- The contributions each party makes or is likely to make in the foreseeable future to ensure the welfare of the family. This includes contributions to look after the home or caring for the family.
- If the conduct of one of the parties is unjust the court would disregard it.
- The value of each party to the marriage of civil partnership of any benefit which through divorce or dissolution that person will lose the chance of acquiring.
Step 1: Pre-Court Procedure and Mediation
Before requesting an application for financial remedy proceedings, it’s important for the parties to consider resolving the matter without need to take it to court. It is a requirement that couples who wish to engage in court proceedings first seek Mediation Information and an Assessment Meeting (MIAM). During this meeting, one person from the couple will attend a meeting with a mediator who will assess whether their case is suitable for mediation. In some situations, mediation will not be a suitable route for a couple to take. Examples of this can be when there has been domestic abuse in the relationship or because the financial assets are complex. Therefore, for some couples it is best to take legal advice upon the terms of the agreement.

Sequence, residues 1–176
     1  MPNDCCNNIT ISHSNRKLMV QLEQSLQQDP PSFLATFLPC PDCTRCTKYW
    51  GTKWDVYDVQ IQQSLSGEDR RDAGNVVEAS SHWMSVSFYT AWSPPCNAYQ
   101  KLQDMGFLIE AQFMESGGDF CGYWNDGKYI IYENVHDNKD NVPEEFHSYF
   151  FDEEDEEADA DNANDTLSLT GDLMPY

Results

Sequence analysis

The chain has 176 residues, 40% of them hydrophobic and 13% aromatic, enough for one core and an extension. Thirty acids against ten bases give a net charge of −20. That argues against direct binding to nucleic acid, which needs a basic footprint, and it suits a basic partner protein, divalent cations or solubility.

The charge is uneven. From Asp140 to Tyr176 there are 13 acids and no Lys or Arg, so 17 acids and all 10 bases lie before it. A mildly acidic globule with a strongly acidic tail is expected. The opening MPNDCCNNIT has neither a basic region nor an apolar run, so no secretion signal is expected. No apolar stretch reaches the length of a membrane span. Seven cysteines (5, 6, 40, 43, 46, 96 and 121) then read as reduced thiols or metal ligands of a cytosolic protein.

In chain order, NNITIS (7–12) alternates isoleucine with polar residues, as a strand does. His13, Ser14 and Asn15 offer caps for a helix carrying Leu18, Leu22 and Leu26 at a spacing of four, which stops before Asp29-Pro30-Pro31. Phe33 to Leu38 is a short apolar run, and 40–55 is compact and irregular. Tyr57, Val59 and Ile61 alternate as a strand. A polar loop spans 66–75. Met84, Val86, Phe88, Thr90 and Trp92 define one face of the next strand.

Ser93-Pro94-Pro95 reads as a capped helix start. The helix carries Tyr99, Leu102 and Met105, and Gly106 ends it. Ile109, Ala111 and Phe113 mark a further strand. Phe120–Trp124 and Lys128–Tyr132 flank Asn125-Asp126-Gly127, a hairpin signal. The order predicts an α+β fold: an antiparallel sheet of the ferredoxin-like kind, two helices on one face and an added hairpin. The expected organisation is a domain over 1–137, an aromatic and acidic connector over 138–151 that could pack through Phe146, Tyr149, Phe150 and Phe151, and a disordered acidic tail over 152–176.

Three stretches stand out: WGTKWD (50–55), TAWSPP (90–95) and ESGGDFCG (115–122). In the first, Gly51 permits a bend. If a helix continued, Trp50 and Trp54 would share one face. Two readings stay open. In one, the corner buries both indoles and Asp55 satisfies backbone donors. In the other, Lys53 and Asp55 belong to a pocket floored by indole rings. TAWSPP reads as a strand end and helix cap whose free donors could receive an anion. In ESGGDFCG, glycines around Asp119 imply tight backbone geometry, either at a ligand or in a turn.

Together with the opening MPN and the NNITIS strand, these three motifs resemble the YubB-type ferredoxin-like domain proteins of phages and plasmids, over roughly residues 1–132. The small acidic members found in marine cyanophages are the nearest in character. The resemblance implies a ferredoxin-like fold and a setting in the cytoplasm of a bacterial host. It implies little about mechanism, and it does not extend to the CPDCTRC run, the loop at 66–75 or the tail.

If the mediator believes that the case needs to be escalated to the courts, they will sign a certificate to issue the application for a financial order. If the mediator believes the case is suitable for mediation, they will discuss this with you potentially invite you and the other person to attend mediation together.
It’s important to note that although MIAM is a requirement, mediation is not a requirement for reaching remedy order.
Once you have attended MIAM, your solicitor will prepare Form A, the application for a financial remedy order.
Step 2: The First Appointment
Shortly after issuing Form A, you will receive a Notice of First Appointment. The document outlines the steps that will need to take place before the first court hearing (known as the first appointment).
Before the first appointment you will need to complete a Form E. This is a document that sets out each person’s assets, liabilities, income, outgoings, and other relevant financial considerations. Once the parties complete the forms, they exchange them.
As a result, each party will then complete additional documents before the court hearing. Documents include a questionnaire of any requests for further information or documentation arising from the other party’s Form E, a chronology of key dates and a summary of the issues of the case.
Where both parties have a legal representative, it is common to seek to agree the directions to progress the case. Therefore, both parties can effectively not proceed with the first appointment hearing itself.
The first appointment is a case management hearing. This means the judge will review the issues in the case to determine if further evidence is needed to progress the case. Common directions given after the first appointment include: